What. A. Year.
While by all accounts 2017 was nothing short of a dumpster fire (largely credited to he who shall remain nameless), on a personal level it will go down as one of my most favourite years yet.
Academically, it was an interesting year, completing two experiments that gave me more insights into urban life. I’m excited to continue to shape my dissertation with the hopes the end product is useful to the public in providing an understanding of how our urban built environment impacts our feelings and behaviour. I also took some fascinating courses in urban planning and psychology that challenged me and made me reflect on how we can continue to apply research to real world problems.
Speaking engagements took me across the country to Montreal, Ottawa, Edmonton, Saskatoon, Regina and even across the world to Europe this past April. Travelling to diverse cities has been a blessing in that I’ve been able to explore them with a critical eye and see the great things they are doing when it comes to urbanism. Whenever I travel, I keep my own city (Kitchener) in the back of my mind and I think of ways I can bring some of this inspiration back home.
It is an exciting time for Kitchener. While the conversation on cycling infrastructure and walkability was frustrating (to put it mildly), I think some good came of it. I am hopeful that the City will move forward and make the smart decision to build out a minimum bike lane grid. I think it is essential if we want our city to be vibrant, healthy and safe. Furthermore, if we want to stay relevant in the national conversation on urbanism, we need to be bold and comfortable with ruffling a few feathers. We’re seeing cities across Canada move forward with minimum bike lane grids and I worry that Kitchener will be left behind if it doesn’t move fast in building one. I know we’ve got LRT coming, but we shouldn’t rest on our laurels with that accomplishment. There’s much more work to do in changing our car-centric culture.
This past year saw many debates, locally and nationally, on walkability and bikeability and I’ve done much reflecting on how to best go about initiating change. One of my urbanist resolutions (tweet me yours using #urbanistresolution) for 2018 is to spend more time listening, while fighting for the city that I believe in. I’m excited to see how that goes and to continue to learn from others who are fighting the same fight. On my travels I’ve met so many amazing city builders and advocates and seeing the work you all do to make your cities better is such a source of hope. Thank you.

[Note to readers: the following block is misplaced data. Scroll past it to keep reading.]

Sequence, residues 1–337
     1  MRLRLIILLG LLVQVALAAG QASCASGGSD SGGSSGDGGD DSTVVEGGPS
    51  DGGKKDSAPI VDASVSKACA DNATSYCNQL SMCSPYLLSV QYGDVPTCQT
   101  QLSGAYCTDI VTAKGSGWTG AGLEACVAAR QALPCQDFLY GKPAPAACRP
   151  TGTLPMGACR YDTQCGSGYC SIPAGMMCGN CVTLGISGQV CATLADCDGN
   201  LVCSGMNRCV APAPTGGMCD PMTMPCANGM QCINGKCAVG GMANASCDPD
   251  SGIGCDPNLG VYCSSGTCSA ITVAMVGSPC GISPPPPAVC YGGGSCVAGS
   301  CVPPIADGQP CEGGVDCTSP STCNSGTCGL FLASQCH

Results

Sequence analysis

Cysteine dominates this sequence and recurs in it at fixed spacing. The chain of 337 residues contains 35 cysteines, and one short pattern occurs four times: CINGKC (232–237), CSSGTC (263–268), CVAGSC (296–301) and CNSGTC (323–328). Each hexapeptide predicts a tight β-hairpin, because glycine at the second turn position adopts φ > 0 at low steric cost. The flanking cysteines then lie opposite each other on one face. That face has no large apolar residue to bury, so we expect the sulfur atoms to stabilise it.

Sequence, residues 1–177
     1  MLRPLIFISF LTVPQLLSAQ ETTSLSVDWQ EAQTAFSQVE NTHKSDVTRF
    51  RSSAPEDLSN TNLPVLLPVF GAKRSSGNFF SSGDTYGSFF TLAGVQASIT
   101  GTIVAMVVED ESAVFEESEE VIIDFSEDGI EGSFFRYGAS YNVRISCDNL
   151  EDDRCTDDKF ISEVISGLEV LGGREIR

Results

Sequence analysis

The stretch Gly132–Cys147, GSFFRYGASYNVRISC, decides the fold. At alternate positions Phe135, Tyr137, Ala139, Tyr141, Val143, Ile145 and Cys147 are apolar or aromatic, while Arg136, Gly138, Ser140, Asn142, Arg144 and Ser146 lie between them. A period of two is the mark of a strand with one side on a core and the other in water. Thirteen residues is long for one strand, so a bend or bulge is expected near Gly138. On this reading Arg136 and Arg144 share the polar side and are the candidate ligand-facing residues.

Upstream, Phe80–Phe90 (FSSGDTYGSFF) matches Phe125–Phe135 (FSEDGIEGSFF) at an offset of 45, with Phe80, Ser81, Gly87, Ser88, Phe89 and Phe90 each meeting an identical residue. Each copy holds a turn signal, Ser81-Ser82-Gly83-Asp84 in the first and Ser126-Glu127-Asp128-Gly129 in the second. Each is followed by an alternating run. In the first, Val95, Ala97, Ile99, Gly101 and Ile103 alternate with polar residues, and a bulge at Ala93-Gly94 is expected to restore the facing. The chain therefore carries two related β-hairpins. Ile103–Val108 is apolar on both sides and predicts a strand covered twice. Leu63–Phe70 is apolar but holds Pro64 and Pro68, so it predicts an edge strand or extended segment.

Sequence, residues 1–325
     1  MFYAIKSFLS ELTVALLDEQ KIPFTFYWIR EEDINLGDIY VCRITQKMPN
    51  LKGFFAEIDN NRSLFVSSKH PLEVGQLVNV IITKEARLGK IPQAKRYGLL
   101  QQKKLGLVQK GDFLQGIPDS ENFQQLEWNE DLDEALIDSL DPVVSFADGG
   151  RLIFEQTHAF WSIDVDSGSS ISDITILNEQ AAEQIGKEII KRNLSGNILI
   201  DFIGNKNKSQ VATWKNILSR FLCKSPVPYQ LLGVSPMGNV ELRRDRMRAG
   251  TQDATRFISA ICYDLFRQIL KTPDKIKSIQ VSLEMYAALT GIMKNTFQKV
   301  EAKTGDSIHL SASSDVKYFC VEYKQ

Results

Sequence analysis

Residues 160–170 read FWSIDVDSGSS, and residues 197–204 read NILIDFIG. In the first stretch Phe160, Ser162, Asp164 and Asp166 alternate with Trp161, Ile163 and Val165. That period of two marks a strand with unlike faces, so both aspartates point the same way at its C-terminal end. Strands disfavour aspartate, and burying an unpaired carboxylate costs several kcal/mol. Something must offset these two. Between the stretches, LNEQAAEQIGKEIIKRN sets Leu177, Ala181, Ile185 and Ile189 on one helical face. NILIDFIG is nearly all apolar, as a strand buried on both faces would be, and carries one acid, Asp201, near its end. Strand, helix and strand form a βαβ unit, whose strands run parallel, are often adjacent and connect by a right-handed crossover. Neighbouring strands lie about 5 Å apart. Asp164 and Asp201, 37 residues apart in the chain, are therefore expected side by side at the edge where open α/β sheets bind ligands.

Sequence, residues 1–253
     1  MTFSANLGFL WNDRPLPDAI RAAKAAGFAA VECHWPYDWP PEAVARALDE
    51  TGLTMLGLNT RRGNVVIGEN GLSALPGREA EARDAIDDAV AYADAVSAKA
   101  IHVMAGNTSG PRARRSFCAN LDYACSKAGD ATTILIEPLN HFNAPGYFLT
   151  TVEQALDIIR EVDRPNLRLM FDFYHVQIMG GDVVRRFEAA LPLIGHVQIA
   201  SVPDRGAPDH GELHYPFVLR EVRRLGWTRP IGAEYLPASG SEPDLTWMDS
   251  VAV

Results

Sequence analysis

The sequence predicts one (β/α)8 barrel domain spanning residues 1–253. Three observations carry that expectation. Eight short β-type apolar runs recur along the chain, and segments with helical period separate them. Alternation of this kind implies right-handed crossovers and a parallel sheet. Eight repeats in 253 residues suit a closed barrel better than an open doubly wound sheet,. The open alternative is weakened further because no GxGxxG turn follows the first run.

Twitter (another dumpster fire, thanks to you know who), has continued to be a huge source of inspiration. The online conversations (and the in person ones they’ve lead to…) I’ve had with many of you this past year has changed the way I think about and see cities. I’m deeply grateful for the time and energy you’ve put into engaging with me (and others).
With that, I’ve decided to share my top 10 most popular tweets of 2017. Twitter is a great sounding board for ideas and when I see a tweet get a significant number of retweets or likes, I interpret it as the idea being expressed resonating with people, which is immensely helpful for me as a learning tool. That said, it’s important to be cautious of the urbanist echo chamber we can find ourselves in. I know I’ll be making an effort to hear the opinions of people I don’t agree with.
Anyways, thanks for engaging with me!
Let’s keep the conversation going in 2018.
Happy New Year, friends!